Archive for December, 2014

How to Protect Against Winter Viruses

Tuesday, December 30th, 2014

The winter is upon us, and what else creates a pit in my stomach besides the thought of sub-freezing temperatures keeping the kiddos stuck inside? The thought of all of the viruses that come with the season. You can’t change the weather, but you can change your child’s chances of avoiding some of the less desirable gifts of the season.

Probiotics are the “healthy” bacteria that exist in your gut. Most people associate with probiotics with gastrointestinal health. Although probiotics do have benefits to a healthy GI tract, what many do not recognize is the importance of probiotics in supporting your immune system. Over half of your body’s immunity is comprised of this healthy bacteria. If your body is lacking, you are lacking the ability to fight off viruses.

Every morning before school, my children receive 1 capsule of a probiotic. They don’t fight me on it, as I remind them every morning that it helps protect them from illnesses, and the repetition eventually sinks in. It has become part of our routine, just as breakfast is. I would never skip breakfast, so I would never skip this important step either. Standard Process makes a few variations of probiotics that I have come to love. I have purchased them through a clinical nutritionist, but they can also be found on Amazon.

A daily multivitamin seems very basic, but it is a good compliment to the probiotics. Even if your children are good eaters, they still are not getting the daily vitamins and minerals necessary to keep their immune system at it’s strongest. Make sure you are buying quality vitamins, and not ones filled with food dye and aspartame that do more harm than good. If you’re taking the time to work vitamins in, you want to make sure they are doing what you set out to intend to do—to improve their overall health. If your kids are picky, go to your local health food store and select ones that will be more appealing to them. There are a variety of textures and tastes for a reason. My personal favorite is Catalyn from the Standard Process line. They make a kid’s chewable which is small and tasty. But If your kids prefer chewy, I like Nordic Berries as well, which can be found in many health food stores.

Thieves Oil is an essential oil blend that is part of my daily preventive regimen. This particular blend is made by Young Living, but you can make your own with clove, lemon, cinnamon, eucalyptus, and rosemary. Its properties help your body’s ability to resist viruses and bacteria. Following morning vitamins, my children get one single drop rubbed on their hands. Even my one year old is protected with it, by rubbing it on the bottoms of her feet, so as to avoid the potential for contact with her eyes. Also after having company in our home, I diffuse the oil to eliminate airborne bacteria.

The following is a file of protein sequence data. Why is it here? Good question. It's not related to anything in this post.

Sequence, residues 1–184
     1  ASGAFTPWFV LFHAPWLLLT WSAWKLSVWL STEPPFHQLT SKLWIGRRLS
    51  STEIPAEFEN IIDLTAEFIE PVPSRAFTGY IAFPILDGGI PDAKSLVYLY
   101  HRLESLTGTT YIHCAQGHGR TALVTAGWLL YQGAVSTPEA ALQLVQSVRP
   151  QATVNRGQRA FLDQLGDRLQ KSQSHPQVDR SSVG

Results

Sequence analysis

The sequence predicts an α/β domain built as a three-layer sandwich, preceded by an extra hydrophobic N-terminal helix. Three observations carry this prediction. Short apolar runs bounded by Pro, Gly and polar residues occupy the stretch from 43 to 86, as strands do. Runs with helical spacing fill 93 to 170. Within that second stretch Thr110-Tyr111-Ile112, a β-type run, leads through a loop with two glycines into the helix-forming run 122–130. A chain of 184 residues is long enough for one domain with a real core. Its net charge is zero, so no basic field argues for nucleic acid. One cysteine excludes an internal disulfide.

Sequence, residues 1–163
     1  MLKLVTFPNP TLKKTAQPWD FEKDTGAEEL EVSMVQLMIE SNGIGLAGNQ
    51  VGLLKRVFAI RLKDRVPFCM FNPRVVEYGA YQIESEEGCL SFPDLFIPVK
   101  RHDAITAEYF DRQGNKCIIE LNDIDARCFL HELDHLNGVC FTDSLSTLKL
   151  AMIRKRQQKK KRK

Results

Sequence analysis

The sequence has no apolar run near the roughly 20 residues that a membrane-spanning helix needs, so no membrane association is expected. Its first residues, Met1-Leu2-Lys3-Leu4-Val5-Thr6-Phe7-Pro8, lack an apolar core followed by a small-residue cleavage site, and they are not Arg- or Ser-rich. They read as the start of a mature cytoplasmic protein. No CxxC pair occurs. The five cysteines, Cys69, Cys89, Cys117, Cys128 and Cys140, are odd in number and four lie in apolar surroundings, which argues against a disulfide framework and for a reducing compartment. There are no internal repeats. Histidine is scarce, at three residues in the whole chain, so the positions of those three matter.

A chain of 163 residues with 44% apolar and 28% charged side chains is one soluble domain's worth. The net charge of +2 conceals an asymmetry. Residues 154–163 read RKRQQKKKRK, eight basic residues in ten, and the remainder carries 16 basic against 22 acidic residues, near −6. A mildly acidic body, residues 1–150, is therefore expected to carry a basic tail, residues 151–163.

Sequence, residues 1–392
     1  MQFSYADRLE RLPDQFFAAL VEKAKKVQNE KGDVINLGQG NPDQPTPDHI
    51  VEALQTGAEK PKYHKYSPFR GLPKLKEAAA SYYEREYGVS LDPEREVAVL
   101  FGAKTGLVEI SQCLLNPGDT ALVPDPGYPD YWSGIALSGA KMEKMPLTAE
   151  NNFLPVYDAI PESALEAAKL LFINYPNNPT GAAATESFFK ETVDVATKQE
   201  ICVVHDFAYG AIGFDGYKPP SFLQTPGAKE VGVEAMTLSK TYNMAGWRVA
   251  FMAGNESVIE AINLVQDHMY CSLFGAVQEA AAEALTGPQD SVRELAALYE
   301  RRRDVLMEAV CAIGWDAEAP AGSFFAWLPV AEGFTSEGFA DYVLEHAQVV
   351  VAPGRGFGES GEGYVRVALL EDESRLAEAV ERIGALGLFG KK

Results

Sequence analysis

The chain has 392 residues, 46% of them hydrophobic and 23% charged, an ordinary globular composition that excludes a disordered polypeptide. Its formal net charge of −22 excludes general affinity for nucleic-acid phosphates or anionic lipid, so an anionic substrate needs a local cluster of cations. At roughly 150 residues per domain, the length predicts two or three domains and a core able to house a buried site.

Sounds like a lot of extra steps for a mom to take on in our already busy schedule, but once it becomes part of your routine, it is quite simple. I am able to complete our morning supplements with three little kids in five minutes or less. I want to instill good habits in them, so when they are older and independent they will make good choices. Being repetitious with the basic principal that these are to help keep them healthy is something they are able to understand, and something they have come to value, even at their young age.

Will taking these steps ensure that your child will never get sick? Of course not. But you can rest assured knowing you are doing all you can to best prepare their little bodies for the season. If your child does come down with sniffles, or another sign of a virus coming on, I swear by introducing Echinacea at the first sign. It comes in a liquid dropper form, and given a few times a day has knocked a virus right down several times in my experience. I always have a bottle of it at home, as you never know when someone will start getting sick.

Michele Ogniewski is a part-time social worker and full-time mom of three who lives and writes in Saratoga Springs. She has a passion for healthy living and works for a wellness company.

Seven Ways to Keep Your Toddler Busy Indoors

Tuesday, December 23rd, 2014

Seven Ways to Keep Your Toddler Busy IndoorsDuring the summer, we go to the park or the lake every day. Every day.  It seems like being indoors or having too much screen time wears my kids out mentally but not physically, and that’s a recipe for evening meltdowns. Being outdoors keeps the bodies and minds both so active that it makes for an easy bedtime.

But during the winter, that’s not always possible. Even if you live somewhere where snow isn’t an issue, sometimes it’s just too cold or windy to enjoy your time outdoors. That’s when I employ some special strategies for entertaining my toddlers. These activities are fun to do with them or if you just need a little time to get something done during the day.

  1. Build a hall fort. I saw this idea on Pinterest (of course) and it was super fancy with sewing and applique and cutouts. Well, who has time for that nonsense? I tried the basic idea of just putting a baby gate up horizontally in the hallway with a sheet thrown over it, and you would have thought I invented electricity. So there.
  2. Make toys out of ordinary stuff. Toddlers will play with anything, and their favorite game is take it out/put it in, so you can basically grab anything around your house and make this game. The noisier, the better.